The forerunner to the history of the modern Democratic Alliance was the Progressive Party (PP) and was formed in 1959 when Liberal members separated from the United Party (UP). They disagreed with UP’s inability to present an alternative to the policies of the National Apartheid Party. PP emphasizes constitutional reform, bills, an independent judiciary and moves towards federalism.
These reform proposals were combined with the advocacy of a free market economy. In 1961 only Helen Susman was elected to the Parliament. For 13 years he was the sole opponent of racial discrimination and other abuses of the apartheid regime in white parliament alone, campaigning against extrajudicial detention, passing laws and controlling the tide. You can check out this source: Foundation For Peace in South Africa for democratic alliance.
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Colin Eglin has been the leader of the party since 1971 without being a member of parliament himself. In 1974 the party won seven seats.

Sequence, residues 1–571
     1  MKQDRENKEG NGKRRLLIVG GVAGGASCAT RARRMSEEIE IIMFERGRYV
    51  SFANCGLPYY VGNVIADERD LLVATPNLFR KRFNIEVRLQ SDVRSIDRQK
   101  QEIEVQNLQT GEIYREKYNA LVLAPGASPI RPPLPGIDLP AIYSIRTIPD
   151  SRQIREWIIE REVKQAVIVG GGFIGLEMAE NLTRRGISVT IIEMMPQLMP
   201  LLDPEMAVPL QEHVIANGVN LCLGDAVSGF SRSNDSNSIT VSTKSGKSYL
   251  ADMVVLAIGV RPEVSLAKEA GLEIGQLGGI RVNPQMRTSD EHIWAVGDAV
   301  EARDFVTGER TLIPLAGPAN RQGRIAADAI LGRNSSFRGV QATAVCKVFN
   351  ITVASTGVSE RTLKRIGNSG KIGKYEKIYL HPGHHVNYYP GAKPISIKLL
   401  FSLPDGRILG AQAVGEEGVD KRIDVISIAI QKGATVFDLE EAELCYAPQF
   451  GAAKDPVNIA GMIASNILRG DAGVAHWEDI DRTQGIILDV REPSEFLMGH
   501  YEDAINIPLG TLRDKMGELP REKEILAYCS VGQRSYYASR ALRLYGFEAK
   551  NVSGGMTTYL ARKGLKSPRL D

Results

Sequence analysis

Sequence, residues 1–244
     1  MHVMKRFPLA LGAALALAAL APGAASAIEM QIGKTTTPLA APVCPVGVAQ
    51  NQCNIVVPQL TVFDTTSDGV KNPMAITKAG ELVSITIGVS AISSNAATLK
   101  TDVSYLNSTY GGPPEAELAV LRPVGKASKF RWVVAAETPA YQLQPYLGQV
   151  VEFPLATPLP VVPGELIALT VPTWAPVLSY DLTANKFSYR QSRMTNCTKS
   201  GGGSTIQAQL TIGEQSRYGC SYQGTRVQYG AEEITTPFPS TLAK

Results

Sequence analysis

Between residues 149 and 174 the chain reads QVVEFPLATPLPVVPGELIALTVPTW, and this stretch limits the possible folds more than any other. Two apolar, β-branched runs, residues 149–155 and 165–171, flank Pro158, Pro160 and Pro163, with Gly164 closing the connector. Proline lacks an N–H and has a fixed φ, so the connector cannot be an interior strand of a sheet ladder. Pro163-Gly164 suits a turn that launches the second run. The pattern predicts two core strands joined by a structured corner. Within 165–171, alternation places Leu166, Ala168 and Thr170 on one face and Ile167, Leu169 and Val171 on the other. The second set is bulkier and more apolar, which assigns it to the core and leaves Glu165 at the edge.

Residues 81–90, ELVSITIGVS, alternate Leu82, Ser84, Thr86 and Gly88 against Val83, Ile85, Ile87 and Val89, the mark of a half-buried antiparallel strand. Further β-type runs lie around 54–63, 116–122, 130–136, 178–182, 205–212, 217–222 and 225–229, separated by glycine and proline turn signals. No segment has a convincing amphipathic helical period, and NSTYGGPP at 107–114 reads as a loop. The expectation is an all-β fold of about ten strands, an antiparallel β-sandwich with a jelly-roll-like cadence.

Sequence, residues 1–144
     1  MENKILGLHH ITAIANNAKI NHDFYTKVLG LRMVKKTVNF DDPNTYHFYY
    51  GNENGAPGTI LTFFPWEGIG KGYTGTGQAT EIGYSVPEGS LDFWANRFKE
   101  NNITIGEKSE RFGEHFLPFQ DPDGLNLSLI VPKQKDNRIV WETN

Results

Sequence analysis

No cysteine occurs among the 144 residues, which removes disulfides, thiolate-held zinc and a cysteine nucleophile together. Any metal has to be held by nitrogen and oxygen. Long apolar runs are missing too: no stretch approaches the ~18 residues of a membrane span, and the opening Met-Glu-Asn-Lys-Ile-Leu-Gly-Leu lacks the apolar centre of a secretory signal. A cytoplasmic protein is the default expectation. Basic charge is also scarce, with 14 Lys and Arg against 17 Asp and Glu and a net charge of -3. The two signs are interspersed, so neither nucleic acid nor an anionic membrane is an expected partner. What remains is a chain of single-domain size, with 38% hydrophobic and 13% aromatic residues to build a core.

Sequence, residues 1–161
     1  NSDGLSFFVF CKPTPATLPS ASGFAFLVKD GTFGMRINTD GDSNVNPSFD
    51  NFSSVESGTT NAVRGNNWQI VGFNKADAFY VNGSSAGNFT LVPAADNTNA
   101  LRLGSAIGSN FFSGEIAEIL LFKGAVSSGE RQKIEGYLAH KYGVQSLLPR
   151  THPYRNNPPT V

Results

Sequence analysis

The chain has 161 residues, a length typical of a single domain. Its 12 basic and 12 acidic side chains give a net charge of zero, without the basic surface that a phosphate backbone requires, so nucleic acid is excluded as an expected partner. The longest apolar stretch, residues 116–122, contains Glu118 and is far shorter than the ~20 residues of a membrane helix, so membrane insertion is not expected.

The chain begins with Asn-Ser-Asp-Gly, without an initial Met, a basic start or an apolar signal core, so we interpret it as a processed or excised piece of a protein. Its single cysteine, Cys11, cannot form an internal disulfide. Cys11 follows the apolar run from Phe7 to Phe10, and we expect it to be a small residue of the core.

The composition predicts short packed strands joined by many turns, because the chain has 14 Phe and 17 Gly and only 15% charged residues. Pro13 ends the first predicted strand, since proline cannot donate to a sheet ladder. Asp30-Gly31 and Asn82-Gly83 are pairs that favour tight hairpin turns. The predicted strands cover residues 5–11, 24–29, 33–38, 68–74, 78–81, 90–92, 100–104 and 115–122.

A year later, in July 1975, the Progressive Party merged with the Reform Party (RP), the breakaway Unity Party. The result was the formation of the South African Progressive Reform Party (PRP). Former Reform Party leader Harry Schwartz was appointed leader of the PRP National Executive, while Eglin was elected leader.
Another branch of UP is the South African Party (reviving the original SAP name). Both the NRP and SAP are more conservative than the PFP, but envision a federal solution to the country’s racial problems. The SAP moved closer to the ruling National Party and merged in 1980, and the growing league trend within the National Party itself favored expanding non-white political participation.